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About this poet

Margaret Walker was born on July 7, 1915, in Birmingham, Alabama. She began writing poetry at age fifteen, when she entered college. She received a BA from Northwestern University in 1935 and an MA from the University of Iowa in 1940. In 1936 she joined the Federal Writers’ Project in Chicago, where she became friends with Richard Wright and joined his South Side Writers Group.

In 1941 Walker became the first African American poet to receive the Yale Younger Poets Prize, for her debut collection For My People (Yale University Press, 1942). She was also the author of the poetry collections This Is My Century: New and Collected Poems (University of Georgia Press, 1989), October Journey (Broadside Press, 1973), and Prophets for a New Day (Broadside Press, 1970).

Walker married Firnist Alexander in 1943, and together they had four children. In 1949 they moved to Mississippi, where she joined the faculty at Jackson State College. She returned to the University of Iowa for her doctoral studies and received a PhD in 1965. The following year, she published her dissertation as a novel, Jubilee (Houghton Mifflin, 1966).

In 1968 Walker founded the Institute for the Study of the History, Life, and Culture of Black People at Jackson State College. As director of the institute, which was later renamed the Margaret Walker Center, she organized the 1971 National Evaluative Conference on Black Studies and the 1973 Phillis Wheatley Poetry Festival.

After Walker retired from teaching in 1979, she published On Being Female, Black, and Free (University of Tennessee Press, 1997), a collection of personal essays, and Richard Wright: Daemonic Genius (Warner Books, 1988), a work of nonfiction informed by her friendship with Wright. She died of cancer on November 30, 1998, in Jackson, Mississippi.


Bibliography

Poetry
This Is My Century: New and Collected Poems (University of Georgia Press, 1989)
October Journey (Broadside Press, 1973)
Prophets for a New Day (Broadside Press, 1970)
For My People (Yale University Press, 1942)

Prose
On Being Female, Black, and Free (University of Tennessee Press, 1997)
Richard Wright: Daemonic Genius (Warner Books, 1988)
How I Wrote Jubilee (Third World Press, 1972)
Jubilee (Houghton Mifflin, 1966)

Amos, 1963

Amos is a Shepherd of suffering sheep;
A pastor preaching in the depths of Alabama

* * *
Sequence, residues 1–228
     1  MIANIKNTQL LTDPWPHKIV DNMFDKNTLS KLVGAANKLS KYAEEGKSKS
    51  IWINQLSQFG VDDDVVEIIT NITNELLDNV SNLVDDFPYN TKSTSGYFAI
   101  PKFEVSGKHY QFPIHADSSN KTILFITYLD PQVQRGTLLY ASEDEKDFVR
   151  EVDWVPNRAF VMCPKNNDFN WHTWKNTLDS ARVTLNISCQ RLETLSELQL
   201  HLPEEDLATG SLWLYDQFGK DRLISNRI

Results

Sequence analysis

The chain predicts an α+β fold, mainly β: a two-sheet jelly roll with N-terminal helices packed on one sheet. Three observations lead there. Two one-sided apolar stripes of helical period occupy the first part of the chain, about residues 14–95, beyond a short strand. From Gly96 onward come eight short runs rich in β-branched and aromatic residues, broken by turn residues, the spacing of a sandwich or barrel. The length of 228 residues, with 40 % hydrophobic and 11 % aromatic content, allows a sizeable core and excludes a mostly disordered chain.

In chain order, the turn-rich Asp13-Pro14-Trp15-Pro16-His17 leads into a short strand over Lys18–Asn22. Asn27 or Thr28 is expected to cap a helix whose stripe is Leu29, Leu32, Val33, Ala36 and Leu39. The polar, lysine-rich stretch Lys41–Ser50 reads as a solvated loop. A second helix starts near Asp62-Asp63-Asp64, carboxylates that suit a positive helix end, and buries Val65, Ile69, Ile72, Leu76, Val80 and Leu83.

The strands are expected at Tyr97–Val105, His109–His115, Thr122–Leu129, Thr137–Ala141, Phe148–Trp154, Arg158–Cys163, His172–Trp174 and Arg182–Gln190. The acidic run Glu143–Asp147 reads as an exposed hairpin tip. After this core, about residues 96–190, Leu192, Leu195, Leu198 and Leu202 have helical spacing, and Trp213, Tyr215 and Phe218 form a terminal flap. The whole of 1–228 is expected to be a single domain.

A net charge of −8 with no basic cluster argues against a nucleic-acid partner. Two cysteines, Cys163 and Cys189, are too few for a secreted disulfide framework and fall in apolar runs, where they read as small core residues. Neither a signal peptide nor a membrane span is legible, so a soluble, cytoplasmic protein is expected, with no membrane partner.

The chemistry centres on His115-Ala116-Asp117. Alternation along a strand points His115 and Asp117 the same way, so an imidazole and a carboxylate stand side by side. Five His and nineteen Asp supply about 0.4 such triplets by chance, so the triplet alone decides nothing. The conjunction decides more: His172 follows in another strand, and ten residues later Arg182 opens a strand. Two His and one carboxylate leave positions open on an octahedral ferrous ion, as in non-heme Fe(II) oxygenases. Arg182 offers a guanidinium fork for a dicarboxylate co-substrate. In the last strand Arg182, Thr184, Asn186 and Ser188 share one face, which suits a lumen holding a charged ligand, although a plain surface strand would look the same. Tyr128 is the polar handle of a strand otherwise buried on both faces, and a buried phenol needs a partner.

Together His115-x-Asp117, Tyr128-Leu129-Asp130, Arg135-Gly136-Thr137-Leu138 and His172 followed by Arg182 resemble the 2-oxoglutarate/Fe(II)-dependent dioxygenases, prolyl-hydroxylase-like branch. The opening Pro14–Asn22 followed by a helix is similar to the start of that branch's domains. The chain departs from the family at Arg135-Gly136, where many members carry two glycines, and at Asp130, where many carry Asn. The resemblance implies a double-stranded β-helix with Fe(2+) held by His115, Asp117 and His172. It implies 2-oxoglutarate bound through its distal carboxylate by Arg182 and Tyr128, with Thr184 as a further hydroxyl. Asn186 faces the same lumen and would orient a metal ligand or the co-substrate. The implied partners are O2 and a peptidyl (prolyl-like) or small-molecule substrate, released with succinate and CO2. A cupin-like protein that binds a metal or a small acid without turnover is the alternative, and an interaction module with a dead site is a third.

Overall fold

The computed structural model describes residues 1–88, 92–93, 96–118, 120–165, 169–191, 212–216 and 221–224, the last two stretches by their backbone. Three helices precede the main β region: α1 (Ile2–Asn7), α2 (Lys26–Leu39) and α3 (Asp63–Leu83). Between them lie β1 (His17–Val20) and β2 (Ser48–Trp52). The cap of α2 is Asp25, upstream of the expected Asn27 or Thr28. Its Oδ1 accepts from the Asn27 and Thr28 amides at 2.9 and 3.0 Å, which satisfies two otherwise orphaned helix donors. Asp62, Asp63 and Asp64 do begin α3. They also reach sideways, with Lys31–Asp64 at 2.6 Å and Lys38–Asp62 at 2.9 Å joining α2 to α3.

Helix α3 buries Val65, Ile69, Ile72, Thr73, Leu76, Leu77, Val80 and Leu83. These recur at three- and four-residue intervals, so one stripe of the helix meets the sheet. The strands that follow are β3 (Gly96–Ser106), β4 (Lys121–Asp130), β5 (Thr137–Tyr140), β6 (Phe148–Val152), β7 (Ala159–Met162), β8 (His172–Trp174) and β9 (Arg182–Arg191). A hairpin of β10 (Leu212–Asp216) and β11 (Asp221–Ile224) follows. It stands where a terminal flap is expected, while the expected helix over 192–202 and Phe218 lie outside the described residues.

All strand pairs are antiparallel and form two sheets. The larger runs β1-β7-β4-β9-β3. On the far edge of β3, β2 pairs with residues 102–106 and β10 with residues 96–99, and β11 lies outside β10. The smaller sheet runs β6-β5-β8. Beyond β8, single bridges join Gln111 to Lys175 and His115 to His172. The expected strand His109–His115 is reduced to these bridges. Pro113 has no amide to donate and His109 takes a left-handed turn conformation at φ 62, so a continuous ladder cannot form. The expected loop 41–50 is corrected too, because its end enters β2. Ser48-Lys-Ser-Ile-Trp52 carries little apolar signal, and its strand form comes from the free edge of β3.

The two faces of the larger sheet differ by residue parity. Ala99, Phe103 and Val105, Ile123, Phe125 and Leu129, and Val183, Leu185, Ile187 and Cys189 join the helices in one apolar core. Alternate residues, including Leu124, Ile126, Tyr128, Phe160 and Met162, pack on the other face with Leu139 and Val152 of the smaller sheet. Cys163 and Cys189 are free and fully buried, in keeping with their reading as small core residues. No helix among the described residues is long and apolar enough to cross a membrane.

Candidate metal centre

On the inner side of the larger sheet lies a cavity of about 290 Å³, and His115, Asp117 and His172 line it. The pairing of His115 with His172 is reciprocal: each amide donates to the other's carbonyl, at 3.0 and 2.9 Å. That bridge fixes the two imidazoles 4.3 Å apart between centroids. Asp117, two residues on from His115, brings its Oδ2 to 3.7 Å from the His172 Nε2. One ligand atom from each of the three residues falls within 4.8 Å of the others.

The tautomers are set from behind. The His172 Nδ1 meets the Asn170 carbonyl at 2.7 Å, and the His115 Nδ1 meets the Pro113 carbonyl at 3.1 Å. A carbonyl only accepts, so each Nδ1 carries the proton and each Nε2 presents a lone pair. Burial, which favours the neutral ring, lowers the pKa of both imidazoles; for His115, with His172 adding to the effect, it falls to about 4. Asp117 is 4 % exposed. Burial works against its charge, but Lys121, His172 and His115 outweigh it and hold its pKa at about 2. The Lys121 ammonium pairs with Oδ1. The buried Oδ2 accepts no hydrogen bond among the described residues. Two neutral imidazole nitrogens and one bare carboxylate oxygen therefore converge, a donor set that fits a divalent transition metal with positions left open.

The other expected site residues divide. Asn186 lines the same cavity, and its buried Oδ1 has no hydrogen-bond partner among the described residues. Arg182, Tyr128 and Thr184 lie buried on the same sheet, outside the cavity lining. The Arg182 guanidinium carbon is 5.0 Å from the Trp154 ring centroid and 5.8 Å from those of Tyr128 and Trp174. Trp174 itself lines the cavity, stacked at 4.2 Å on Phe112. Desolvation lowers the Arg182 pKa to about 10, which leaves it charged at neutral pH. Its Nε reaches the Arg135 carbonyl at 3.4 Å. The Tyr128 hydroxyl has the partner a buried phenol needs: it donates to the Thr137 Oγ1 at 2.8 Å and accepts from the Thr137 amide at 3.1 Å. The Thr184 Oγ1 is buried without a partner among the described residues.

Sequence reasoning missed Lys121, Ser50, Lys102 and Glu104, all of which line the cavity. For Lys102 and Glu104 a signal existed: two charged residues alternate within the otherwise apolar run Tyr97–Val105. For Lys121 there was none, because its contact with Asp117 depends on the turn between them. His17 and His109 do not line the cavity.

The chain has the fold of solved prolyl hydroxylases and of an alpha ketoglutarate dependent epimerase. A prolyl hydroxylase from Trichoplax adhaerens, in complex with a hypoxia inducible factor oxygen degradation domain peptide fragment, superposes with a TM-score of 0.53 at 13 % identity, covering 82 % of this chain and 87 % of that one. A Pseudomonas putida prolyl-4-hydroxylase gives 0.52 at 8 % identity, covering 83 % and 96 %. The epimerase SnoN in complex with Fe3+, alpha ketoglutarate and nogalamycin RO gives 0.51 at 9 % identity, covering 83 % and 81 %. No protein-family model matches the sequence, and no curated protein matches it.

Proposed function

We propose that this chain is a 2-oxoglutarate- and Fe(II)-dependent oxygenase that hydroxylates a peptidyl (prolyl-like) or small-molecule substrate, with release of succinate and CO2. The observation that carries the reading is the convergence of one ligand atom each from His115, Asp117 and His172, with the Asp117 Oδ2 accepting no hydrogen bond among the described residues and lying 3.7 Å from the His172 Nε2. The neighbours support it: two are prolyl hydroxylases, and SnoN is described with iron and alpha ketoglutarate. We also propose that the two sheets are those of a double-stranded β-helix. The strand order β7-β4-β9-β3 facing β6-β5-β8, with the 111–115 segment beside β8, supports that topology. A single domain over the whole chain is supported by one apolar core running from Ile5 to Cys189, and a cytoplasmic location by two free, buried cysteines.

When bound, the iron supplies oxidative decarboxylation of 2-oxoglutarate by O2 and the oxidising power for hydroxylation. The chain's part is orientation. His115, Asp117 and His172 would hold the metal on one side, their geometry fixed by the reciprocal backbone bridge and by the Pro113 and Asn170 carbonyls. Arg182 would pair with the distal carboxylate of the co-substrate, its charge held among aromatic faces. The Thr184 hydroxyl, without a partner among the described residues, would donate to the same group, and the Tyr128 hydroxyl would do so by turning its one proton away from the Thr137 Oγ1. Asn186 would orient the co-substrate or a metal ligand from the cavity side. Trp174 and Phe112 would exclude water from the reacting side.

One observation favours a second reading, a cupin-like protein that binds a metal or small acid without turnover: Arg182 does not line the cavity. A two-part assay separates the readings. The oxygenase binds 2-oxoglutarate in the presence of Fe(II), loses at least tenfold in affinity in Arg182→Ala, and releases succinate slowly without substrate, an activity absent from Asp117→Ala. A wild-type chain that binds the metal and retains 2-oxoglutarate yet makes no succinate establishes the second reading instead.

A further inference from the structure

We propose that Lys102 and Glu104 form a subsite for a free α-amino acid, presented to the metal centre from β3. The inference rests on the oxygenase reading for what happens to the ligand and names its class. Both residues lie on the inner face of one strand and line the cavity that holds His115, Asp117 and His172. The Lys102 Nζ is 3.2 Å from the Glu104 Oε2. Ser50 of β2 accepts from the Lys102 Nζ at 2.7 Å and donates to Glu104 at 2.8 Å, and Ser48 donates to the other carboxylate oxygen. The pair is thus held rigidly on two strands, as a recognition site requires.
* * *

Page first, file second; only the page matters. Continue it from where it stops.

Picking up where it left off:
Preaching social justice to the Southland
Preaching to the poor a new gospel of love
With the words of a god and the dreams of a man
Amos is our loving Shepherd of the sheep
Crying out to the stricken land
“You have sold the righteous for silver
And the poor for a pair of shoes.
My God is a mighty avenger
And He shall come with His rod in His hand.”
Preaching to the persecuted and the disinherited millions
Preaching love and justice to the solid southern land
Amos is a Prophet with a vision of brotherly love
With a vision and a dream of the red hills of Georgia
“When Justice shall roll down like water
And righteousness like a mighty stream.”
Amos is our Shepherd standing in the Shadow of our God
Tending his flocks all over the hills of Albany
And the seething streets of Selma and of bitter Birmingham.

From This Is My Century: New and Collected Poems (University of Georgia Press, 1989). Used with the permission of the University of Georgia Press.

From This Is My Century: New and Collected Poems (University of Georgia Press, 1989). Used with the permission of the University of Georgia Press.

Margaret Walker

Margaret Walker was born in Birmingham, Alabama, in 1915. The first African American poet to receive the Yale Younger Poets Prize, she was the author of For My People (Yale University Press, 1942) and This Is My Century: New and Collected Poems (University of Georgia Press, 1989), among others.

by this poet

poem

From Montgomery to Memphis he marches
He stands on the threshold of tomorrow
He breaks the bars of iron and they remove the signs
He opens the gates of our prisons.
He speaks to the captive hearts of America
He bares raw their conscience
He is a man of peace for the people
Amos is

poem

For my people everywhere singing their slave songs 
     repeatedly: their dirges and their ditties and their blues 
     and jubilees, praying their prayers nightly to an 
     unknown god, bending their knees humbly to an 
     unseen power;